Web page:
With two lackluster preseason games under their belt, the injury bug has bitten the Chicago Bears significantly.
The offense has remained relatively healthy so far, with only minor bumps and bruises among some of the key contributors.
If you can get through the preseason with only Earl Bennett (hamstring) as questionable to play, you have to consider yourselves lucky.
But on the other side of the ball, the Bears are looking like the walking wounded more and more each day.
Yesterday's news out of Halas Hall was that linebacker Nick Roach, a key starter last year, had undergone minor surgery on his knee and will likely be held out for the remainder of preseason action.
Though the surgery was viewed as a precautionary measure, surgery is surgery, and Roach's absence could affect his production for the season's first month.
Brian Urlacher was injured last week against the Oakland Raiders and will be held out for this weekend's matchup with the Arizona Cardinals.
His calf injury is not expected to keep him out for Week One's home game against the Detroit Lions, but the 32-year-old missed virtually all of last season with an injured wrist, and his body has shown noticeable signs of wear-and-tear.
How much longer can he be productive with a bad back playing middle linebacker in the NFC North?
In the secondary, the Bears have more hurt players than healthy ones—an obvious recipe for disaster.
Major Wright, the promising rookie out of Florida, has been sidelined after finger surgery.
His fellow safeties, Josh Bullocks (quad), Craig Steltz (ankle), and Chris Harris (undisclosed) are all questionable for this weekend.
Harris will likely be fine to start Week One, but the future of Bullocks, Steltz, and Wright is much more murky.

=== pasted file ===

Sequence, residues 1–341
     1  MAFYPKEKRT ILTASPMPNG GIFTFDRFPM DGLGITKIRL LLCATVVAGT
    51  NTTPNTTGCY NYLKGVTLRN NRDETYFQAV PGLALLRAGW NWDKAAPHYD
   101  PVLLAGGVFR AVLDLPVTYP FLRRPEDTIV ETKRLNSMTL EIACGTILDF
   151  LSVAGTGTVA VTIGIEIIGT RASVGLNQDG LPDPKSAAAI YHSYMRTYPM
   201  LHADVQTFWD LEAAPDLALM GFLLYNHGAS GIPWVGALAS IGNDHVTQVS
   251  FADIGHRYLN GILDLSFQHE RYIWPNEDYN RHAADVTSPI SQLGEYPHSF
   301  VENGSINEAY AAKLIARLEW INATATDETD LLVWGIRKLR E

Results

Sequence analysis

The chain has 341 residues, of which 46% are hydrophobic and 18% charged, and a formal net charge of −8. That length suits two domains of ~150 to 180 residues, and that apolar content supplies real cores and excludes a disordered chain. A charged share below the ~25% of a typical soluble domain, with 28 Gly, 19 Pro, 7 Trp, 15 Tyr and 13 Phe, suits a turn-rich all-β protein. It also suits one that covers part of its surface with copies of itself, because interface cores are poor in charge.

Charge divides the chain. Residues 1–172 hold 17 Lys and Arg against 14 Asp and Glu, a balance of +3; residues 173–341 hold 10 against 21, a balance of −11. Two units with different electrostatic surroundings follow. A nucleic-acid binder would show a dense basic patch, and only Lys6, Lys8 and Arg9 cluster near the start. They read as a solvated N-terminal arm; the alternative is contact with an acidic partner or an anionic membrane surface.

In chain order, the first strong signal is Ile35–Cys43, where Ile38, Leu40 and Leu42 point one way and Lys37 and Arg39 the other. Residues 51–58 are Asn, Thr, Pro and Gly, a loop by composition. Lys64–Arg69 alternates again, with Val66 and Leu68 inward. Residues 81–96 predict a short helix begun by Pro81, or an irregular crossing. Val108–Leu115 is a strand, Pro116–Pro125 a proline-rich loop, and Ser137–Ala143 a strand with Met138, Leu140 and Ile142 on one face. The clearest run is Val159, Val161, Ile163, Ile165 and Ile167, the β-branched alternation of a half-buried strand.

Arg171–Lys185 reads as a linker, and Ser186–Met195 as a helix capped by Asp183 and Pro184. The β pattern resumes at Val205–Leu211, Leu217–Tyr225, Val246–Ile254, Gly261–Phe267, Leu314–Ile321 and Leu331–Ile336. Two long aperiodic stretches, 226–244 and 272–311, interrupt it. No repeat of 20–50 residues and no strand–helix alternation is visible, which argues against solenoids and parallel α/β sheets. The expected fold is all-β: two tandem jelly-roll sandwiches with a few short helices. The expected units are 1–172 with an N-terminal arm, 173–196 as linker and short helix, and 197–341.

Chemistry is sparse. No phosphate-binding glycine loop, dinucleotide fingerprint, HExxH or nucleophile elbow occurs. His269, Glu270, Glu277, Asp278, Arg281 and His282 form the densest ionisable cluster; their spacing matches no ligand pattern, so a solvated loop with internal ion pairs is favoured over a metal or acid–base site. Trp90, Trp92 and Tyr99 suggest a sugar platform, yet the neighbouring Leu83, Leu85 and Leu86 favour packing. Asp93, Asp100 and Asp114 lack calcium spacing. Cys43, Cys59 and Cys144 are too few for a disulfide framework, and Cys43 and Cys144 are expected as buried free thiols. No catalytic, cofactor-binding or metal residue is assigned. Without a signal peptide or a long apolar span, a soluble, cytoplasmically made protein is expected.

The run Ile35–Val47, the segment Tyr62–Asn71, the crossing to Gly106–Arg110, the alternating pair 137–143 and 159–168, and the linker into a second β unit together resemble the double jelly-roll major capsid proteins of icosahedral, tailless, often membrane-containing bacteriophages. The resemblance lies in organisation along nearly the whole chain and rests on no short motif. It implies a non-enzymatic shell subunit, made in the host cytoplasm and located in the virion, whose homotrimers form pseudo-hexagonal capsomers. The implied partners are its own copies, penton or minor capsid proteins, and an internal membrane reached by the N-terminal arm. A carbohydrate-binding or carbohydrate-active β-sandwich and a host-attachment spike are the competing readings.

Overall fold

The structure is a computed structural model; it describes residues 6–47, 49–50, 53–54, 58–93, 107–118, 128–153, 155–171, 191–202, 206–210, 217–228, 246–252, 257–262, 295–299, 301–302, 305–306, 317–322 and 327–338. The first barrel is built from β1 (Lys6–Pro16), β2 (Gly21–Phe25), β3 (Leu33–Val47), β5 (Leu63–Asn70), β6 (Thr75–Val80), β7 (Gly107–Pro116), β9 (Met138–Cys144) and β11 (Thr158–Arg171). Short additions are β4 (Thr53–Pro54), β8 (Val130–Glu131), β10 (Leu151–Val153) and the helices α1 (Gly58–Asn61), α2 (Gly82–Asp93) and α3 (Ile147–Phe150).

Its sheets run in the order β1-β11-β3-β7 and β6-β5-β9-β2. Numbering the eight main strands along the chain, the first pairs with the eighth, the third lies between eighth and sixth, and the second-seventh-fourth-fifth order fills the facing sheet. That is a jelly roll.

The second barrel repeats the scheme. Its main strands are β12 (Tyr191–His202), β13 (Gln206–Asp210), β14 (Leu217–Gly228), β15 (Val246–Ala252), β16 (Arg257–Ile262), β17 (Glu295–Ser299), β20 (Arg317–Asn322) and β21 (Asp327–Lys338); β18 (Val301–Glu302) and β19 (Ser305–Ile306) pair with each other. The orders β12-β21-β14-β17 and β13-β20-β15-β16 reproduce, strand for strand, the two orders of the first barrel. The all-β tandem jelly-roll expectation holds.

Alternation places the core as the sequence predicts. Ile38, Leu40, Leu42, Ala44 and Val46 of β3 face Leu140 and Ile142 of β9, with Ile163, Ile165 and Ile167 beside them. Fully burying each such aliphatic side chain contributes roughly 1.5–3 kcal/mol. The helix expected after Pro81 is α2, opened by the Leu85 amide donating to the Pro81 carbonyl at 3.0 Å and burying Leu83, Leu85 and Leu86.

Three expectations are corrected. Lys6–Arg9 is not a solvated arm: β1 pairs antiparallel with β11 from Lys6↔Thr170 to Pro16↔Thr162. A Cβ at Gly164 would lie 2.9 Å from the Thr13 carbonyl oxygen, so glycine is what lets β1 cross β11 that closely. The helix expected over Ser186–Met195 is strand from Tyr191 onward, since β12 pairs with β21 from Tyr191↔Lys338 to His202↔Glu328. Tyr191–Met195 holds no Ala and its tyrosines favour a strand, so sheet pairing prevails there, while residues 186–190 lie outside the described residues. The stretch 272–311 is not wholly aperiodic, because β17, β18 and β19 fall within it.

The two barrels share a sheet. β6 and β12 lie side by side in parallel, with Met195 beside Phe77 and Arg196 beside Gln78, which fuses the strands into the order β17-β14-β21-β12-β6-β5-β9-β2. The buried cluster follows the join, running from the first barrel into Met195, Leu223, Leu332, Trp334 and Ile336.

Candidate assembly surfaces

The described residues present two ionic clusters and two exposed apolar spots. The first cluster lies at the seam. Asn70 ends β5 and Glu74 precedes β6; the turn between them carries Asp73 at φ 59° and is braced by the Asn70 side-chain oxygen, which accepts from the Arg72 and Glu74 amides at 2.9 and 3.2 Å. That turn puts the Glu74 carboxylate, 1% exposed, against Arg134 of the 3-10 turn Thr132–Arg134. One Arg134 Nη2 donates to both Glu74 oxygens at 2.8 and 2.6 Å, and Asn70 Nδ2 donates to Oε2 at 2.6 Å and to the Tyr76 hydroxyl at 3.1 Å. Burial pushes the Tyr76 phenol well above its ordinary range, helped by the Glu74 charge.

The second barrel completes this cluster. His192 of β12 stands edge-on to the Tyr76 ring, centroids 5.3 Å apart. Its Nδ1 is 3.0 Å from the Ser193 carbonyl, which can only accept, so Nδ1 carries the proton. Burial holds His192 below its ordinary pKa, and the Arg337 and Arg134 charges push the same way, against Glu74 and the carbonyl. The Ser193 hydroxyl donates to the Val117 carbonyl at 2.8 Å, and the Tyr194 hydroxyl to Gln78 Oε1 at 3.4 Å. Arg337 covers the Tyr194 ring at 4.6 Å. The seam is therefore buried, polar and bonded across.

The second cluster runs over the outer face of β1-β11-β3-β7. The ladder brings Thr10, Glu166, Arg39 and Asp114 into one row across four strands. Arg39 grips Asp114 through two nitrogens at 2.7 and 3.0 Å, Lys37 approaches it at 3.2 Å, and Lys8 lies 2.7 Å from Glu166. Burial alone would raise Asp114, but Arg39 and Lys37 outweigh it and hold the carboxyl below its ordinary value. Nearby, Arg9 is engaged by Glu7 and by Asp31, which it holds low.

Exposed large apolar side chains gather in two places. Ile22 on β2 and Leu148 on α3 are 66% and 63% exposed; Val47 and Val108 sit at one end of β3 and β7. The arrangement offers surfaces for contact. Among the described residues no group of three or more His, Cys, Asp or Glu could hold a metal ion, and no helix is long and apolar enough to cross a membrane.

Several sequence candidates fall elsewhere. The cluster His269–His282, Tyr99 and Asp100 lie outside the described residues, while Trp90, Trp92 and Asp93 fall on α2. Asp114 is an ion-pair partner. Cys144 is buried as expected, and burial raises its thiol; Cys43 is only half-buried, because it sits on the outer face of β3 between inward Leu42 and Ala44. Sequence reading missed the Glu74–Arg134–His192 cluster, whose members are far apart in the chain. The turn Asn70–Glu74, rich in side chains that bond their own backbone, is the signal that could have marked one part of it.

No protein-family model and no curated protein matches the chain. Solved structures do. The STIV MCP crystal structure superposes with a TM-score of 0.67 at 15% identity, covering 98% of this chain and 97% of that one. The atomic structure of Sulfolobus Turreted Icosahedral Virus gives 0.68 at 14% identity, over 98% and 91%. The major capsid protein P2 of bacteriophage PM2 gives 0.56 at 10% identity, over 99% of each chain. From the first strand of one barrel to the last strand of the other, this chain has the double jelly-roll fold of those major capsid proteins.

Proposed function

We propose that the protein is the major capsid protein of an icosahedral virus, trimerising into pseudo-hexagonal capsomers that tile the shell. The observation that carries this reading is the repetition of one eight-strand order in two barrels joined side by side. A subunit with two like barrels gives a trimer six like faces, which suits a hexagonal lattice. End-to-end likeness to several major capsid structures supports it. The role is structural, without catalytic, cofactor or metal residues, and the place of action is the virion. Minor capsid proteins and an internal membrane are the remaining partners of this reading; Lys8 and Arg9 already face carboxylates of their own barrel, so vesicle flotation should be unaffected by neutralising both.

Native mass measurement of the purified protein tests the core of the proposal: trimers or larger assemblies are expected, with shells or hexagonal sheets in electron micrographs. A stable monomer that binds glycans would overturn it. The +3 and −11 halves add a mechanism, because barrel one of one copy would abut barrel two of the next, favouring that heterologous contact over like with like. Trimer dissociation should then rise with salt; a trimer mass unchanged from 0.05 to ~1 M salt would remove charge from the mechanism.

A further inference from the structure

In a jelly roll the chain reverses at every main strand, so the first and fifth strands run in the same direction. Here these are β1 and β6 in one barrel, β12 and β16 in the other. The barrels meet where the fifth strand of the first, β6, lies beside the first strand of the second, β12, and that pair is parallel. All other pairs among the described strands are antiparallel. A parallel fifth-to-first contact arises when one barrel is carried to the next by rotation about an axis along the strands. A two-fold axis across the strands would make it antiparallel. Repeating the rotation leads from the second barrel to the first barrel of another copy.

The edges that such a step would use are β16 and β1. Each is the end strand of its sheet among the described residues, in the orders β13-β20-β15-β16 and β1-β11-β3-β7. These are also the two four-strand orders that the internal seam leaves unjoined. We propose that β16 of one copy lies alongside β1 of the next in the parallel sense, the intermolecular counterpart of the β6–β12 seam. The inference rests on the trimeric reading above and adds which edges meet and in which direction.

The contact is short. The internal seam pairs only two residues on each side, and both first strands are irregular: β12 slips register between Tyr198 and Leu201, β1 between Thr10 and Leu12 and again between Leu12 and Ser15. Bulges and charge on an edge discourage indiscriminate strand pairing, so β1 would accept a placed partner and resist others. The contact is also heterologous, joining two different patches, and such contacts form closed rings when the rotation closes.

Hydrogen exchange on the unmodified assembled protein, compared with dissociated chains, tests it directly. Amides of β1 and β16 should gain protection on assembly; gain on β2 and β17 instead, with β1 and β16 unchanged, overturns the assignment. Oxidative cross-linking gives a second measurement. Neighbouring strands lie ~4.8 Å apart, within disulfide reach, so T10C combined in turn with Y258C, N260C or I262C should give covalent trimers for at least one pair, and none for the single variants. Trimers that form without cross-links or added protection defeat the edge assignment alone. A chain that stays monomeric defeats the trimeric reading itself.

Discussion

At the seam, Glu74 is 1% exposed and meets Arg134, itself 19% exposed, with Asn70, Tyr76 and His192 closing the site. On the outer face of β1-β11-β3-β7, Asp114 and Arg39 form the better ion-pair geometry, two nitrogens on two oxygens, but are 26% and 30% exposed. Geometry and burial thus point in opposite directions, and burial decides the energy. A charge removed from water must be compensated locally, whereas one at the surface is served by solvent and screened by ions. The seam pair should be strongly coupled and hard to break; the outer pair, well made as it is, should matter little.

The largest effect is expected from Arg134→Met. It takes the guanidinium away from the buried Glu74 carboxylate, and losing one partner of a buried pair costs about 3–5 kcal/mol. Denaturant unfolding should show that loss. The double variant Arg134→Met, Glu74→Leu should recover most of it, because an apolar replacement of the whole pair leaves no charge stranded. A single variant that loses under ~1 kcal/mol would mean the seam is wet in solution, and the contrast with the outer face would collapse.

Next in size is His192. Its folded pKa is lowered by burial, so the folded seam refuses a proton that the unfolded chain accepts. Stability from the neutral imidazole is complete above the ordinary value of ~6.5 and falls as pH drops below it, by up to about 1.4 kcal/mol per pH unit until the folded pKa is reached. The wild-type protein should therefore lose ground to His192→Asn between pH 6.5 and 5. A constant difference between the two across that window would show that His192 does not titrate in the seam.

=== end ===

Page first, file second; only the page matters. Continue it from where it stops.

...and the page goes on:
The Bears came into camp with many safeties—but not many good ones. Their depth chart does not provide much optimism at this point.
With all of the injuries, both minor and serious, it begs the question: Who is the one player the Bears cannot be without?
I'll take a different angle at this question by saying Tommie Harris, the three-time Pro Bowler, is the player whose health is most critical to the success of the 2010 Bears.
But there is an asterisk here—Harris' health is not more important than that of quarterback Jay Cutler—but everyone knows that.
The situation at quarterback (basically, it's Cutler until his arm falls off, then you and I can take snaps) makes Cutler the key Bear, but the defense needs Harris to return to a Pro Bowl-level of play.
It was an encouraging offseason as Harris did not undergo any surgery and got a new best friend capable of absorbing double-coverage in sack-enthusiast Julius Peppers.
Harris appears to be 100 percent (or at least over 80 percent—his knees may never be 100 percent again), a good sign that he can last 14-16 games.
The addition of Peppers helps Harris tremendously as he can now go into more one-on-one blocking schemes as Peppers wreaks havoc next to him.
Peppers' freak talent can allow Harris to fly in under the radar—he'll be the biggest athlete ever to fly under the radar, at 6'3", 300 pounds.
But what makes Harris' health most critical to the Chicago Bears is the depth chart around him.
Anthony Adams is a solid NFL defensive tackle, but he is nothing more than a sidekick to the super-hero Harris.
Reserves Marcus Harrison and Matt Toeaina are exactly that—reserves.
Toeaina has had but brief auditions with the Bears in his young career and it's anyone's guess as to what he can do for this team.
Harrison hasn't scratched the surface of his potential, though he was seen as a first-round talent with third-round intangibles.
Therefore, if Harris were to go down, the Bears' situation on the defensive line would be beyond bleak.
They'd no longer be able to generate enough pressure on opponent's backfields that the cover-two defense requires.
Even if Peppers makes another Pro Bowl and Mark Anderson plays like he did as a rookie three years ago, there would be a huge hole where No. 91 should be.
Lance Briggs and Brian Urlacher also need to stay healthy, but the Pro Bowlers have talent behind and around them in Pisa Tinoisamoa, Nick Roach, and Hunter Hillenmeyer.
All three veteran linebackers are capable starters.
Julius Peppers, who has only missed six games in his career, plays with talented ends like Anderson and Israel Idonije.
Again, Cutler is the key, but Harris' health might go just as far to the team's success on the field.
When on, he's a game-changing defensive tackle that can allow fellow Pro Bowlers Julius Peppers, Lance Briggs, and Brian Urlacher to play more aggressive and take more chances.
The Bears need a healthy Harris in 2010.
Let's hope the surgery-free offseason keeps tough Tommie on the field.
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